I ask this because I think the wide lens wrap around would be ideal for peripheral vision on the sides.
Are there any commercial pilots who have eye glasses frames similar to that one?
Another question [instead of starting another tread]: for pilots who wear contact lenses to correct nearsightedness, normally contacts are advised a maximum daily use of 12 hours. For long haul pilots doing 9hr flights etc. exactly when do you put on your contact lens and how do you manage? Do you ever cross the 12 hr lens limit?
Legs From Australia, joined Jun 2006, 251 posts, RR: 0
Reply 1, posted (5 years 9 months 1 week 5 days 4 hours ago) and read 6119 times:
I have worn prescription glasses for many years, and have to wear safety glasses while at work. While there are a bunch of different frames available, Ive never seen any that wrap totally around without a frame like that. I dont think it would be possible to manufacture a complex curved piece of 'glass' with any correction. Having said that, a well fitted pair of glasses in the right shape shouldn't impinge on peripheral vision.
They probably have enough trouble making those type of glasses without any visual flaws as is.
nomadd22 From United States of America, joined Feb 2008, 2142 posts, RR: 0
Reply 2, posted (5 years 9 months 1 week 4 days 23 hours ago) and read 6063 times:
You can get ones that are pretty much regular corrective lenses built into wraparounds. You don't focus with your peripheral vision anyhow so they work fairly well. They're pretty much like using frameless glasses, but with the safety / tinting of wraparounds included.
I get these...(Hope the mods don't consider this advertising)... http://www.rx-safety.com/store/product_info.php?products_id=807
The bifocals are great for machine shop work.
DiamondFlyer From United States of America, joined Oct 2008, 2393 posts, RR: 4
Reply 6, posted (5 years 9 months 1 week 8 hours ago) and read 5740 times:
Yeah, I'd just find something that's comfortable, and just make them work. Personally, I stay away from polarization, as it tends to cause issues with LCD type screens and whatnot. I wear Oakley's, and they do a really nice job.
Fly2HMO From , joined Dec 1969, posts, RR:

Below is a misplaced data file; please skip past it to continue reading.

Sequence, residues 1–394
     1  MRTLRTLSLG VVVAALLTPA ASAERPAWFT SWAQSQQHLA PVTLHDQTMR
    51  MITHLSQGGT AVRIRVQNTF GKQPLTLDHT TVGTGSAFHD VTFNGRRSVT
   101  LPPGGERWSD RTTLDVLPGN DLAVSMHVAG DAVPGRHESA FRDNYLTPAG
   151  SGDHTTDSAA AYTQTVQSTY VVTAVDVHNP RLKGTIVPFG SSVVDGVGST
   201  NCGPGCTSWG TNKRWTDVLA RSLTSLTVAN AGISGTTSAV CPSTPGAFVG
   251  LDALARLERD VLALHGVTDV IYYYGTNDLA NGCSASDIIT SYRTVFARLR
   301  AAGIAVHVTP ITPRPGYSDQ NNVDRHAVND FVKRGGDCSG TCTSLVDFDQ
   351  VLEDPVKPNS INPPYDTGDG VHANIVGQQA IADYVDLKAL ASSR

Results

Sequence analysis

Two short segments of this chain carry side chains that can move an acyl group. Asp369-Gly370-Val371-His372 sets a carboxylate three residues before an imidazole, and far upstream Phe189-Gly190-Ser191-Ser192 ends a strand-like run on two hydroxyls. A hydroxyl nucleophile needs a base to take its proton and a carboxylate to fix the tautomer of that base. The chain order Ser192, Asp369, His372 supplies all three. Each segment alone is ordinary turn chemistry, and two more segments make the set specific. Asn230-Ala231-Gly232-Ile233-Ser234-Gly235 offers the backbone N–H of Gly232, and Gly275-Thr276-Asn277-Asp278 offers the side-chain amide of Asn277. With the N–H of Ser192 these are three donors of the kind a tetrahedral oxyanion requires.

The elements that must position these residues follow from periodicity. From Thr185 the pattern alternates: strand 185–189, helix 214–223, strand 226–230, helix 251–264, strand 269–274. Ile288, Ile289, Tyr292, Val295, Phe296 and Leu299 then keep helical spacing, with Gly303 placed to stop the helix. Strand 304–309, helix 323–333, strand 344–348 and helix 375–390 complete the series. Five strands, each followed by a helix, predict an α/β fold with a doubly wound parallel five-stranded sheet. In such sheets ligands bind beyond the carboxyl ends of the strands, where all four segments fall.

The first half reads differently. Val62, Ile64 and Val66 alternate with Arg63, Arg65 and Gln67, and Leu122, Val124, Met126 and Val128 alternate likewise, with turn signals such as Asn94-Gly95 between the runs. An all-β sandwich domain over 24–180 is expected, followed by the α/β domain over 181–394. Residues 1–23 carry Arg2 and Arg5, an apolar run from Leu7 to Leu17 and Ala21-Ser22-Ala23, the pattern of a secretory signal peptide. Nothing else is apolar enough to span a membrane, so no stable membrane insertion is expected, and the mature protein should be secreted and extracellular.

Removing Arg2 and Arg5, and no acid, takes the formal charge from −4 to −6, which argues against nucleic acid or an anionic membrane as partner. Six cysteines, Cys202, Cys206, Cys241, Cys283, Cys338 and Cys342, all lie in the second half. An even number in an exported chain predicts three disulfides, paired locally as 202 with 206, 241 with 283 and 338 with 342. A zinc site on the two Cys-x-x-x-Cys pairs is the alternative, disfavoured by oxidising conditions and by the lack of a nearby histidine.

Reply 7, posted (5 years 9 months 1 week 8 hours ago) and read 5735 times:
Quoting DiamondFlyer (Reply 6): Personally, I stay away from polarization, as it tends to cause issues with LCD type screens and whatnot.
I think the FAA really exaggerates the whole polarization thing. Never really was much of a problem for me. It seems most avionics manufacturers take polarization into account. When I had my older Rx glasses I used to wear the $10 polarized clip-ons from walmart on top. I never really had problems with the displays. The G1000, and anything else from Garmin really, was fine, so long you kept your head in a natural position. The only thing I recall being a nuisance was the older bendix/king (kln 94 and before) GPSs, I had to tilt my head somewhat to get a clear view.
I miss the polarizing clip-ons, my new Rx glasses have their own clip-ons but they're not polarized. Personally, I thought the protection offered because of glare more than offset the minor nuances of viewing LCDs.
So far as I could tell, the polarization of all Garmin LCD displays seems to be horizontal, IIRC. In other words, if you tilt your head 90 degrees, or somewhere in those whereabouts, the screen would go black with polarized lenses. AFAIK all polarized sunglasses are polarized vertically, and most LCD screens horizontally, or 45 degrees in some cases it seems. The screens that go dark with your head in a normal position would be polarized in the same direction your sunglasses are. Only happened to me on older Bendix GPSs or radio stacks